Bloomberg Law
Nov. 1, 2022, 8:00 AM

Climate Change Lawsuits Are the Best Way to Force Action

Kirk Caldwell
Kirk Caldwell
Former Mayor of Honolulu

As the mayor of Honolulu from 2013 to 2021, I led the city when we filed a lawsuit in 2020 against some of the world’s biggest oil and gas corporations. The lawsuit’s goal is to hold these companies accountable for their decades-long climate misinformation campaign, and the terrible damage global heating is bringing to our shores.

Honolulu’s legal fight to make the polluters pay continues to win key victories and is proceeding toward a potentially explosive trial in state court.

The evidence will show how these oil and gas corporations knowingly fueled the climate crisis by lying to the public to protect astronomical earnings. These profits have spiked even as our globe melts, burns, and floods: ExxonMobil just reported that it made $19.66 billion in corporate profit from the last quarter alone, which equates to over $200 million per day.

Fossil fuel interests and their enablers have sought to publicly discredit and mischaracterize Honolulu’s lawsuit, even as state and federal judges have repeatedly rejected the companies’ arguments. A recent opinion piece from Sarah Hunt recycles these phony attacks, borrowing heavily from the same deceptive and misleading tactics cited at the heart of our consumer protection suit.

Misleading Narratives

These days, rather than outright lie about the science of climate change, the industry pushes misleading narratives about how they are “responsibly” addressing the climate crisis they themselves created.

Hunt doubles down on the industry’s defense that they had no special knowledge that their products would cause catastrophic climate change. However, Honolulu has cited a mountain of internal documents, employee confessions, and journalism exposes that establish that the companies not only knew but actively lied about their knowledge, effectively undermining responsible scientists and others trying to raise alarm bells.

Hunt and others argue that the solution now to fossil fuel-driven climate change is to simply “cooperate” with the same polluters that intentionally drove us into this ditch.

Things Not Discussed

Here are the facts they ignore.

The oil and gas industry spent the last two years lobbying against federal climate legislation. A recent peer-reviewed study examining the investments of four of the Big Oil defendants in Honolulu’s lawsuit—Exxon, Chevron, BP, and Shell—drily stated that the companies’ “transition to clean energy business models is not occurring, since the magnitude of investments and actions does not match discourse.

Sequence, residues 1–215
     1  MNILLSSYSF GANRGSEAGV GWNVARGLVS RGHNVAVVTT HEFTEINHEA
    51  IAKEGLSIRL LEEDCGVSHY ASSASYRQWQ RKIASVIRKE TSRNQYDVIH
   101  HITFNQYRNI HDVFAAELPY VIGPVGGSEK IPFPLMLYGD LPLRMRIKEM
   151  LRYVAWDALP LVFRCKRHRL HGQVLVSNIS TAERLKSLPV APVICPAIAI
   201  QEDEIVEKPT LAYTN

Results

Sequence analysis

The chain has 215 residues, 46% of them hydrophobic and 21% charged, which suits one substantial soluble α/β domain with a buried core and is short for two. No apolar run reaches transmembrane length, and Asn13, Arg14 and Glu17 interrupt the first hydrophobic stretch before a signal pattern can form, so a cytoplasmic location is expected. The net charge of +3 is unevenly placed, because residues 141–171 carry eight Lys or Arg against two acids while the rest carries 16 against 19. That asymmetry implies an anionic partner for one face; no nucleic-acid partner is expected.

During a 2021 congressional hearing, the executives from those same companies flatly refused to pledge that they would stop funding efforts against climate action. An ongoing congressional investigation has revealed additional evidence that the companies continue to mislead the public even today about their clean energy commitments.

Big Oil is not a good-faith partner in climate solutions, and it remains an open question if the greenwashing and revisionism they push out today are only in response to suits like ours filed to get at the truth.

More than two dozen states and municipalities have now taken ExxonMobil and other fossil fuel majors to court. The critical issue at the heart of these climate liability cases is who is going to pay the trillions of dollars required to defend our communities against the ravages of climate change?

Like Honolulu, these cities and states are struggling with skyrocketing bills to protect residents and businesses from rising seas, floods, heat waves, wildfires, droughts, and other climate damages that the oil and gas industry knew its products would stoke. We aren’t looking to re-write national energy policy with these cases. We simply ask that the corporations that knew since the 1960’s that their products would cause havoc stop lying about it and pay a portion of their ill-gotten profits to help cover the damage.

The Cover-Up

As with tobacco and opioid cases, the fault is not in the making of the product–it’s in the cover-up of the known impacts.

US District Judge Derrick Watson explained in a recent ruling for Honolulu that these arguments from fossil fuel companies “misconstrue” our claims. Watson said that the lawsuit we brought focuses on “alleged concealment of the dangers of fossil fuels, rather than the acts of extracting, processing, and delivering those fuels.”

Public officials have a duty to seek justice for their constituents. That’s why I and many other mayors and attorneys general have turned to the courts so that polluters pay for the cover-up and harm they knowingly caused.

Fossil fuel corporations have sought to escape these cases, but five circuit courts and 12 federal district courts have unanimously affirmed the right of our communities to seek accountability and the truth in state court. As these cases inch closer to trial, we can expect more misdirection and attacks–it’s clear they have enough billions in profits to pay operatives across the country.

But just as tobacco and opioid companies had to ultimately answer for their deceptive and illegal behavior in court, so too will Big Oil.

This article does not necessarily reflect the opinion of Bloomberg Industry Group, Inc., the publisher of Bloomberg Law and Bloomberg Tax, or its owners.

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Author Information

Kirk Caldwell served as the 14th mayor of the city and county of Honolulu from 2013 to 2021. He began his public service career in 2002, when he was elected to the Hawaii State House of Representatives and served as majority leader. He was appointed managing director for Honolulu in 2009 and served as acting mayor in 2010 before being elected to serve two full terms.